If you haven’t had the opportunity to learn from Marc Taro Holmes, do yourself a favor and pay the little bit of money required to gain access to these online workshops.  I’ll leave you with that thought as I’ve got to go buy the other two workshops.

November Croquistes De Quebec Sketchcrawl

Stillman & BIrn Beta (6x9), Namiki Falcon, DeAtramentis Document Black

Stillman & Birn Beta (6×9), Namiki Falcon, DeAtramentis Document Black

http://www.mounthermoncemetery.com/

It’s starting to cool down here in Quebec City but undaunted by the cold, the Croquistes de Québec will gather at the Mt. Herman cemetery for our November Sketchcrawl on Saturday, November 7th.

Because of the season, we’ll be starting at 10AM rather than our normal 9:30 time.  You can get more details on the Croquistes de Québec website.

Mark Brennan, director of the cemetery, has graciously offered us their meeting room for lunch so bring a lunch along with your sketching gear.  Everyone is welcome, of course.  We hope to also have a couple cars available as movable ‘indoor’ sketching platforms if that is necessary.  I’m sure, though, that it will be warm and sunny and we’ll all have a good time.  See you there.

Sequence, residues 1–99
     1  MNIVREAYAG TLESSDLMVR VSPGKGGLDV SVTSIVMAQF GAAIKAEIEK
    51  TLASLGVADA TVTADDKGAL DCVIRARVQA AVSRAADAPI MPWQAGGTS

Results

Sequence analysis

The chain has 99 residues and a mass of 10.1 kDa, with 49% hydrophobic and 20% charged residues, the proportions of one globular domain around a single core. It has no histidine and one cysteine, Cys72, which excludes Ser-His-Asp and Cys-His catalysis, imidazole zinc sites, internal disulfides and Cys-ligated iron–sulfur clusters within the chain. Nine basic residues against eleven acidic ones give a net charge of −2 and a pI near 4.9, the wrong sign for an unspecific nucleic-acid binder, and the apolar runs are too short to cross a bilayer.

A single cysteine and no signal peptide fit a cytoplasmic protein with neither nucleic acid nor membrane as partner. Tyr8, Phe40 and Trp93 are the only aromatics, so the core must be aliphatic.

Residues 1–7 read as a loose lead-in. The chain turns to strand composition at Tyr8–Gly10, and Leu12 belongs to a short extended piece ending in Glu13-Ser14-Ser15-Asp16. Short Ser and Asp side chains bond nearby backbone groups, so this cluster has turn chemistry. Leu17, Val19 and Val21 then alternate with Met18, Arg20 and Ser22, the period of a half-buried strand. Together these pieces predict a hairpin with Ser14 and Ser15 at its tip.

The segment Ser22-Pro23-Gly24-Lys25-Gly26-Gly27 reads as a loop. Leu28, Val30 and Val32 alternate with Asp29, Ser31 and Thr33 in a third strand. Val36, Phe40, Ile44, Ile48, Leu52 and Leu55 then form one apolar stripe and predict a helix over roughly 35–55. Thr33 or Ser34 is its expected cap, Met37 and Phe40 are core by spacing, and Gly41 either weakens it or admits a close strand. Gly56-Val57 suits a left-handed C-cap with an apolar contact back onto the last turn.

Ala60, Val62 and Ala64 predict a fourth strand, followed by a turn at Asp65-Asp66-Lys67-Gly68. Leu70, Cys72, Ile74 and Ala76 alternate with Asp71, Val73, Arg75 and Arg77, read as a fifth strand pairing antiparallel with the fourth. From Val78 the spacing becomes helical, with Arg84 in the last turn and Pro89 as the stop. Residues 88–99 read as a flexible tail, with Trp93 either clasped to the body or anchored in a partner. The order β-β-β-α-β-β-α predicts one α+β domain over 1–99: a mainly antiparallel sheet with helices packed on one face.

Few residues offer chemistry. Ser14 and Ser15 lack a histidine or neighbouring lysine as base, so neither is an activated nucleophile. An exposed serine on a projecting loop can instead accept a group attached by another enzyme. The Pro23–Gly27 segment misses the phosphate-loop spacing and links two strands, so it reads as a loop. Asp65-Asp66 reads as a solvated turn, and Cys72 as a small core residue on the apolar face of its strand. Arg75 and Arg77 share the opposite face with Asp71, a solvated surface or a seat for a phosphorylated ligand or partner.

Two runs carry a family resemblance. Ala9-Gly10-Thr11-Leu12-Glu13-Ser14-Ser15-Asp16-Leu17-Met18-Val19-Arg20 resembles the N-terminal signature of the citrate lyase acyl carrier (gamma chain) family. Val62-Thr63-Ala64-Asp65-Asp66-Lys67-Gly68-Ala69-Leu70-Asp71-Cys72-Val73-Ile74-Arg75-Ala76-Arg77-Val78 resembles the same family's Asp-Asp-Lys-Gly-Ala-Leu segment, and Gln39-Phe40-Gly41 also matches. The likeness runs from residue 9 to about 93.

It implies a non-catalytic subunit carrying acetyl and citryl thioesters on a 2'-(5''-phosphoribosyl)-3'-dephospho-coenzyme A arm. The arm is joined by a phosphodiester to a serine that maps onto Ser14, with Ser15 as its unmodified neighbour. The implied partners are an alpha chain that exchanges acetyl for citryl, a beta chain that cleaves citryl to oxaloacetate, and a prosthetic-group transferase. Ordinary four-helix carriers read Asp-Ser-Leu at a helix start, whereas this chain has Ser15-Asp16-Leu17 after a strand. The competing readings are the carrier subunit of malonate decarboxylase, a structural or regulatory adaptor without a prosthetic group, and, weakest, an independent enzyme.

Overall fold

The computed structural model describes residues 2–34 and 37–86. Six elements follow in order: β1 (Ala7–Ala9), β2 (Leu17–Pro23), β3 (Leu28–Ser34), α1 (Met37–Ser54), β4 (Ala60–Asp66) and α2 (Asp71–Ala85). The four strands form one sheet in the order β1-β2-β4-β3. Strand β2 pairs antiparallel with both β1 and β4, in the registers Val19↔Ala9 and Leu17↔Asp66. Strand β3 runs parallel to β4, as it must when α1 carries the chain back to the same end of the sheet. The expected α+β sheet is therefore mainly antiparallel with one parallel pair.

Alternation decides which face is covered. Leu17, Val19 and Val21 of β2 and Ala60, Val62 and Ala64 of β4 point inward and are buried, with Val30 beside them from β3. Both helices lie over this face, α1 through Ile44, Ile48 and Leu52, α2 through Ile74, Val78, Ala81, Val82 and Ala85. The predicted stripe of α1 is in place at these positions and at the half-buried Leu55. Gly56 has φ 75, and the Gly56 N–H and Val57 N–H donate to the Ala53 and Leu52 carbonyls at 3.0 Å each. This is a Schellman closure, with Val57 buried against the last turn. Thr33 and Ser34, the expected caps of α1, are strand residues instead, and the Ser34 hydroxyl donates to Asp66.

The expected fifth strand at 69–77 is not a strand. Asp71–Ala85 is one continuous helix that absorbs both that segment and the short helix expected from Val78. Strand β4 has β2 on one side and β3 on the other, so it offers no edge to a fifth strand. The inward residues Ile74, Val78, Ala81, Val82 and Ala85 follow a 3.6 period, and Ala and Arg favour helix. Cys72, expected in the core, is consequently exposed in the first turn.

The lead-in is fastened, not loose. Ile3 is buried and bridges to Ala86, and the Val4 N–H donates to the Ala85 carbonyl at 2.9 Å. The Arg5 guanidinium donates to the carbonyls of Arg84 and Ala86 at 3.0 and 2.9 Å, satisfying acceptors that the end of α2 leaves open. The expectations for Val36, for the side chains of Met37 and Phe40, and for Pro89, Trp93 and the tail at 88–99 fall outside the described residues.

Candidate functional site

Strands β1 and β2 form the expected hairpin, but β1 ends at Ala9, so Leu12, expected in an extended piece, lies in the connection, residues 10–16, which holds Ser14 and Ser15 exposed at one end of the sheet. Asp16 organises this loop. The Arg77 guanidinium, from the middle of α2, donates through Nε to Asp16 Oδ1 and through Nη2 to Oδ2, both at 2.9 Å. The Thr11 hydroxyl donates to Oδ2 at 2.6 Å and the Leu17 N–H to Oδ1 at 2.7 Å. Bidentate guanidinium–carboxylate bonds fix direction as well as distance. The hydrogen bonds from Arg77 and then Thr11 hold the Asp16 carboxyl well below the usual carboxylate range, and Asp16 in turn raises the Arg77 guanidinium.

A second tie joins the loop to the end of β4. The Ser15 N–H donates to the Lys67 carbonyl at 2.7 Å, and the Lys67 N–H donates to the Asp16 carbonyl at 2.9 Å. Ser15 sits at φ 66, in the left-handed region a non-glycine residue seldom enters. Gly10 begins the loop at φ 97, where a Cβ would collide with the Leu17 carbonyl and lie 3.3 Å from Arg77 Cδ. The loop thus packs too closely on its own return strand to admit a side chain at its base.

Mt Herman cemetery scene

Stillman & Birn Alpha (10×7), Pilot Falcon, Platinum Carbon Black

 

Sometimes It’s More Than Sketching

The change of seasons, for me, means transition from street sketcher to museum sketcher.  It’s a sad time, but also an exciting time. There’s so much shape variation in museum exhibitions.

Our Musee de la civilisation has a new exhibit just opened that presents Australian/New Zealand aboriginal art and as I play didjeridu and love aboriginal art, I’m quite excited about it.  Most of the exhibit is paintings, rugs, and such but there are some statues and masks that I’ll be taking advantage of this winter.

I was there a few days ago, drawing a large wall-hanging mask.  So were a bunch of kids on school outings.  The kids were great as they’d come to see what I was doing and when I talked to them I got half a dozen more coming to see what was going on.  This begat more and more kids to the point where I was mostly just talking to them about the watercolor pencils, waterbrushes, and how much fun it is to draw.  Kids “get it.”  They haven’t learned the feelings and emotions about art that adults somehow acquire.